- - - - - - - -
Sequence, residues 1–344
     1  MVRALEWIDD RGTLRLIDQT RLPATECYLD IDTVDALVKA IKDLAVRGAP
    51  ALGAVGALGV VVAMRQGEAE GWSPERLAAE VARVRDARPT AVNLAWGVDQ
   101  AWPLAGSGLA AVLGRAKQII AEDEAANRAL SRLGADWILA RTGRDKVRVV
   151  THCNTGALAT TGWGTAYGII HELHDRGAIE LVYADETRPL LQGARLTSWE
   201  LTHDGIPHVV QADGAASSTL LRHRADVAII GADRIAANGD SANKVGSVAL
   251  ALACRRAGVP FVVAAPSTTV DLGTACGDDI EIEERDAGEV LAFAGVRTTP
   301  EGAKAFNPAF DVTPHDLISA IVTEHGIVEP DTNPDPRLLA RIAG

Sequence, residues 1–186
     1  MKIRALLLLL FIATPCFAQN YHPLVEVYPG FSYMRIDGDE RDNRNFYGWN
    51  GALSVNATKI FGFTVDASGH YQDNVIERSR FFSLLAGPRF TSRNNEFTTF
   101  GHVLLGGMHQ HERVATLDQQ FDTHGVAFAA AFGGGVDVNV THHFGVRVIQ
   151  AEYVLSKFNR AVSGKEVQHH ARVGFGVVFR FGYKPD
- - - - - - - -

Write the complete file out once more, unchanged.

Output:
Sequence, residues 1–344
     1  MVRALEWIDD RGTLRLIDQT RLPATECYLD IDTVDALVKA IKDLAVRGAP
    51  ALGAVGALGV VVAMRQGEAE GWSPERLAAE VARVRDARPT AVNLAWGVDQ
   101  AWPLAGSGLA AVLGRAKQII AEDEAANRAL SRLGADWILA RTGRDKVRVV
   151  THCNTGALAT TGWGTAYGII HELHDRGAIE LVYADETRPL LQGARLTSWE
   201  LTHDGIPHVV QADGAASSTL LRHRADVAII GADRIAANGD SANKVGSVAL
   251  ALACRRAGVP FVVAAPSTTV DLGTACGDDI EIEERDAGEV LAFAGVRTTP
   301  EGAKAFNPAF DVTPHDLISA IVTEHGIVEP DTNPDPRLLA RIAG

Sequence, residues 1–186
     1  MKIRALLLLL FIATPCFAQN YHPLVEVYPG FSYMRIDGDE RDNRNFYGWN
    51  GALSVNATKI FGFTVDASGH YQDNVIERSR FFSLLAGPRF TSRNNEFTTF
   101  GHVLLGGMHQ HERVATLDQQ FDTHGVAFAA AFGGGVDVNV THHFGVRVIQ
   151  AEYVLSKFNR AVSGKEVQHH ARVGFGVVFR FGYKPD